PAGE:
Contracts and agreements are the lifeblood of your business. They allow you to make money, secure services, and are a vital tool in growing your business safely. Which is why it’s both surprising and disappointing how many businesses handle their contracts poorly. From avoiding contracts altogether to creating confusing or defective agreements, some businesses manage to do themselves serious harm from mismanaging what should be a relatively straightforward but extreme important element of their business.
In this three part blog series, we’re going to tackle the most common mistakes people make regarding business contracts. These mistakes can easily cause embarrassment, cost business opportunities, and create serious and expensive problems. Each entry will cover one of the biggest and most common mistakes involving contracts, why such mistakes are a bad idea, what to do about avoiding these costly errors.
So with that established, let’s begin with…
Mistake #1: Avoiding Contracts
A surprising number of businesses prefer to avoid contracts completely. They would rather do business with a handshake deal or some sort of loosely defined “verbal agreement” between parties.
The most common reasons I hear from businesses doing this are: (1) it’s too expensive to have a contract drafted; (2) I don’t want to put the deal in jeopardy by insisting on a contract; and (3) I need to get this deal done quickly and don’t have time to deal with a contract.
There are serious problems with all these reasons.
First, having a business attorney draft a basic contract will cost anywhere from a few hundred dollars to maybe a couple of thousand dollars, depending on the complexity. Compare that cost to the tens of thousands or hundreds of thousands of dollars it may cost your business if a contract goes wrong and you are forced into a lawsuit. Even if most of your agreements have worked without a written contract, it only takes one problem to put your entire business in serious financial trouble. This is especially dangerous territory for starting or small businesses, which often lack the ability to absorb large losses due to contract problems.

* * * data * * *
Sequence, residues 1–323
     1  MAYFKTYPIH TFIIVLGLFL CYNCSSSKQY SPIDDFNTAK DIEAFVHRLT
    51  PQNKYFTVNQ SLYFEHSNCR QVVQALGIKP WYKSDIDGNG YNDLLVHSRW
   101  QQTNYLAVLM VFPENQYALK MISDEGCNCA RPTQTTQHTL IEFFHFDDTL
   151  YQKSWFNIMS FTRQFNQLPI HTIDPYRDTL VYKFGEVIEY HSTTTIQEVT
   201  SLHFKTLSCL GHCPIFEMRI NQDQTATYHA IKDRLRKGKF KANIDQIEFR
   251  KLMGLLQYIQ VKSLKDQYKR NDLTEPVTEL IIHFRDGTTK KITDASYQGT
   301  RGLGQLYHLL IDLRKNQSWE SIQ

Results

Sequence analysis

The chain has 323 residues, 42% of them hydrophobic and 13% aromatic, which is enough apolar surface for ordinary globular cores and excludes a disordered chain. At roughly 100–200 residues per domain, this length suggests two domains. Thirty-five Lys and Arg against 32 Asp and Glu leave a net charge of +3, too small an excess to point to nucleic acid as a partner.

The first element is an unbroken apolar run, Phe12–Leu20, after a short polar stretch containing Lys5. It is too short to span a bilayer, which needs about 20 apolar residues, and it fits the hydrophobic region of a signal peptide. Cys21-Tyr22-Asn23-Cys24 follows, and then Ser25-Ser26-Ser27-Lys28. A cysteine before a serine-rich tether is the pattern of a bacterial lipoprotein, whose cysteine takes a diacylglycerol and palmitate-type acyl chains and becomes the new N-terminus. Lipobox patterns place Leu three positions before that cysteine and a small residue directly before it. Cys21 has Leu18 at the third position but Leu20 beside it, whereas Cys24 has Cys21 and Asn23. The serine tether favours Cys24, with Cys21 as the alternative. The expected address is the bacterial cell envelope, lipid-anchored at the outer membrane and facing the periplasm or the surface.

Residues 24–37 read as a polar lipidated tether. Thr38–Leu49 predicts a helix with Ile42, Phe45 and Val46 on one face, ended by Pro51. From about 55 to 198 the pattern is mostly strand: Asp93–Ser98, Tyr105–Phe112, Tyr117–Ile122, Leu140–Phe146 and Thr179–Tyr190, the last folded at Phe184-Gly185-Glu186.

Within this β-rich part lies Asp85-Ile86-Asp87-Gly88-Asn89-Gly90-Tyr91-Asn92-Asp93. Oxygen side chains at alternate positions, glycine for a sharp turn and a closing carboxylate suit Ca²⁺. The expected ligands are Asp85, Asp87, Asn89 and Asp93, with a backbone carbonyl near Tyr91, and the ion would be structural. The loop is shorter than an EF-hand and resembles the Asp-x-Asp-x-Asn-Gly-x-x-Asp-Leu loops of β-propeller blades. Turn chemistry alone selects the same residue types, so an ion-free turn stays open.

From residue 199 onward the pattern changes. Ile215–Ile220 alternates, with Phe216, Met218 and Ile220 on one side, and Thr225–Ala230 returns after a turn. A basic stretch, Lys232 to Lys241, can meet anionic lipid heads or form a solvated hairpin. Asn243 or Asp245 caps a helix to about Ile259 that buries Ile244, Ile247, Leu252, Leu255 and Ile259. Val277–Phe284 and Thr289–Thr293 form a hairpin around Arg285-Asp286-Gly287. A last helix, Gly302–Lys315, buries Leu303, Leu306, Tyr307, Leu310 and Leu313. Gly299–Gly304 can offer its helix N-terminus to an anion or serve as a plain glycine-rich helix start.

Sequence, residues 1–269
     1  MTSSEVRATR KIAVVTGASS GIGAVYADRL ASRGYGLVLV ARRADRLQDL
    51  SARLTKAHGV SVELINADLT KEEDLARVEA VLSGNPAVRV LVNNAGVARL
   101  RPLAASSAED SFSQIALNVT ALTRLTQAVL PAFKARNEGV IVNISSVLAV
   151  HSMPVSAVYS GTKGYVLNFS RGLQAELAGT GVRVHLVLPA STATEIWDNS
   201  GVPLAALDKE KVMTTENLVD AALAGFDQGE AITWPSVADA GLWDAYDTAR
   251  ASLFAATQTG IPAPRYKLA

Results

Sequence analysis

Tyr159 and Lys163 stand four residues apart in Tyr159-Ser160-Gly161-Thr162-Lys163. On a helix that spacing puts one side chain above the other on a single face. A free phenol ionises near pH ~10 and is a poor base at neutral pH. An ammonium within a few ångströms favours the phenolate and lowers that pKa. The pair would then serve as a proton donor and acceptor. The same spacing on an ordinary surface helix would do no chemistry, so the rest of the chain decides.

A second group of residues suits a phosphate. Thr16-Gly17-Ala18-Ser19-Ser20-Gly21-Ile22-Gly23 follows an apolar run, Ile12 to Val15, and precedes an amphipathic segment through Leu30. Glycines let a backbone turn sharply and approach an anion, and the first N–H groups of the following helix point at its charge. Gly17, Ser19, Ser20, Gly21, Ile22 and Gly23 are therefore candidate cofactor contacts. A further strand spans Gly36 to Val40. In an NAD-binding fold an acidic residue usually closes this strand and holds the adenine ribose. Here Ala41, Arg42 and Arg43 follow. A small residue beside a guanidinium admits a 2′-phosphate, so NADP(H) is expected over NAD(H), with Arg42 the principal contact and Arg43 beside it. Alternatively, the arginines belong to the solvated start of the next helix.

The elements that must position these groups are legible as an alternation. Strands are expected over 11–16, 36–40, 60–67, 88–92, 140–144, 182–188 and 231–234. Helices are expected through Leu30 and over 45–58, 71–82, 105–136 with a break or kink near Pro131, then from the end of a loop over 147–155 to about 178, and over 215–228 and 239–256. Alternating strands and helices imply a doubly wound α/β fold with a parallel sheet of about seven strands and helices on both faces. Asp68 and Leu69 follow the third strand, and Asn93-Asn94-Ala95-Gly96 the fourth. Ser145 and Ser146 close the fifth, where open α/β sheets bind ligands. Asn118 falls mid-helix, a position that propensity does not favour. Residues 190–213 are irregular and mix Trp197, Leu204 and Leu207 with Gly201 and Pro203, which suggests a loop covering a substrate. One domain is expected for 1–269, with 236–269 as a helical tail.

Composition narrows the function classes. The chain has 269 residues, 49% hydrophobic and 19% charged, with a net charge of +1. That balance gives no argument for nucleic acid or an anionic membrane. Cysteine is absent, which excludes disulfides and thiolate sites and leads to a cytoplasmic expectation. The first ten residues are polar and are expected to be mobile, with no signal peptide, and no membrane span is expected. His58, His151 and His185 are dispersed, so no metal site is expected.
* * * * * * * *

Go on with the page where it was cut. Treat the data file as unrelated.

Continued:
Second, a good business attorney understands that written contracts are a tool for getting deals done and should not put up road blocks. Written contracts are very helpful for clarifying the terms of a deal, protecting the interests of both parties, and promoting mutual understanding of the deal itself. Good contracts define important terms and responsibilities clearly and make sure both sides are on the same page. Without a well-drafted agreement, your business is inviting misunderstandings. I have seen many disputes arise because the two sides didn’t have a written agreement and had a different understanding about some important part of the agreement. Furthermore, most parties in a business agreement will not retreat from a contract and at least some of those who do aren’t the sort of people or organizations you wanted to work with anyway.
Third, drafting a contract does not need to take a long time. Yes, it will require some effort because you will need to review all the terms of the deal, but you should be taking the time to do this anyway. Many business attorneys can put together an agreement in only a few hours as long as the business owner is providing all the necessary information. Even very complex contracts and agreements can be done relatively quickly—and such complicated or sophisticate arrangements especially need clear and well-crafted written contracts. Rushing through a deal without a contract is likely to result in a misunderstanding and possibly litigation.
So there we are with why you need contracts in your business dealings. In part two, we’ll look at one of the biggest mistakes people make in forming their contracts.